Best Creative Nonfiction of the South - Vol. 1

Best Creative Nonfiction of the South - Vol. 1

Best Creative Nonfiction of the South - Vol. 1

Best Creative Nonfiction of the South - Vol. 1

Synopsis

Best Creative Nonfiction of the South, of which this Virginia collection is the first volume, serves as a valuable resource for scholars, students, writers, and general readers interested in creative nonfiction both from specific areas of the South and across the region as a whole. The writers included in each volume come from diverse backgrounds, generations, and artistic traditions. Most, if not all, volumes in the series indirectly reflect literary changes over time and/or how literary variations have manifested themselves in a given state. In some cases, publisher permissions and other factors have foiled the editors from including the work of deserving writers. Nevertheless, the abundant literary talent across the South has lessened the impact of the occasional unfortunate omission.

Excerpt

Adrian Blevins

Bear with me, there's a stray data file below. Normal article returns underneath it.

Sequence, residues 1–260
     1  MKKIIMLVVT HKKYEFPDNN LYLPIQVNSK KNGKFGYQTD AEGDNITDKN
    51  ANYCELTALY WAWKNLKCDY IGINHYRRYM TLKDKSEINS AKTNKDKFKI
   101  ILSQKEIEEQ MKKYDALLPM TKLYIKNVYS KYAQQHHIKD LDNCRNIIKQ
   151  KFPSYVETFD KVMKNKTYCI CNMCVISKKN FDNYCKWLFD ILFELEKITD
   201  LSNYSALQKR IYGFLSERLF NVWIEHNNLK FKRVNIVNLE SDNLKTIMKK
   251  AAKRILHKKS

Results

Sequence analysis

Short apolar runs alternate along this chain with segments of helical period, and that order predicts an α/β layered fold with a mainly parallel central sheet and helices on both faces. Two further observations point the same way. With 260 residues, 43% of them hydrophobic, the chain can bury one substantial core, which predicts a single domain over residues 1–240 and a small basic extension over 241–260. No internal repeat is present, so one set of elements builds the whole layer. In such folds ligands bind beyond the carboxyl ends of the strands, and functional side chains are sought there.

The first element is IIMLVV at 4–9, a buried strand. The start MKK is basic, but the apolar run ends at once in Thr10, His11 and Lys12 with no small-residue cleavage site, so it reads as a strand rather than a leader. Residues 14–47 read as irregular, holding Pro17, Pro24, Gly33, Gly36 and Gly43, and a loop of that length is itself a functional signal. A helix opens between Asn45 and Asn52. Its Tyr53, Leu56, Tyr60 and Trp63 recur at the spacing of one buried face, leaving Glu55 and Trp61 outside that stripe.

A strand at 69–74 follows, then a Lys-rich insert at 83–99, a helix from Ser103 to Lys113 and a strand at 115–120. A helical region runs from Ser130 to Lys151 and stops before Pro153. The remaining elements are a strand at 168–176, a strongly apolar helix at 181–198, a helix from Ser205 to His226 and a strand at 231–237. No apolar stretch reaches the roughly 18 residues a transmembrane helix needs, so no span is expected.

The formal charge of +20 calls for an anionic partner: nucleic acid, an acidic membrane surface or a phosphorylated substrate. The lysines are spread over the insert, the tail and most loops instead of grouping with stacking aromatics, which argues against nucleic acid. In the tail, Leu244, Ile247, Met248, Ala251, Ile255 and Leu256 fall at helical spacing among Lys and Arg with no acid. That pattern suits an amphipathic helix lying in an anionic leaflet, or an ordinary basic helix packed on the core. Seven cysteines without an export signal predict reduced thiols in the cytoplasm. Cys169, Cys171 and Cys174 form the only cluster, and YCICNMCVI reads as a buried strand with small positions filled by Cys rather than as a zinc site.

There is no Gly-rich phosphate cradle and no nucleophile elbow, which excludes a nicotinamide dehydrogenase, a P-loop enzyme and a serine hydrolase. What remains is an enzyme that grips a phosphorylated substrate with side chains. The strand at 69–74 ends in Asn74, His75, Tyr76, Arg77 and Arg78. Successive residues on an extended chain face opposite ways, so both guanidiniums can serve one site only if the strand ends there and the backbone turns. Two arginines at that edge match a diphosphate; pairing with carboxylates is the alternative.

The catalogue of infractions I have committed against this world would flood a small library, for what it’s worth. I pilfered a pack of gum before I could talk and pretended to know how to write in cursive at the age of five. When I showed my cousin the hieroglyphics I’d scratched all over her Scooby Doo drawing pad, I furthermore felt something like pride as she broke down in tears and went running to her mom because she couldn’t even write in regular letters yet. I distinctly remember cheating on a philosophy exam when I was in college; the plan took at least a week’s work of pre-meditation and is therefore fused into my memory like the three times I gave birth without so much as a shot of whisky. Speaking of whisky, I drove drunk more times than I can remember during my pre-maternal years and smoked pot when I was pregnant after they’d commenced. I let my kids skip school to keep me company when I was lonely. I also put them into bed with me when I felt desolate and told them to go back to sleep when they claimed to be thirsty. Oh, yes, I called in sick when I wasn’t sick. Oh yes, I talked about myself for an hour and half when I was supposed to be teaching my students how to recognize a sentence fragment.

As for how klutzy I am—as for how often I fall trying to walk up a flight of stairs or knock a door I’m opening into my own forehead—as for my inability to understand geography and history and physics and anything else that is by design complicated and . . .

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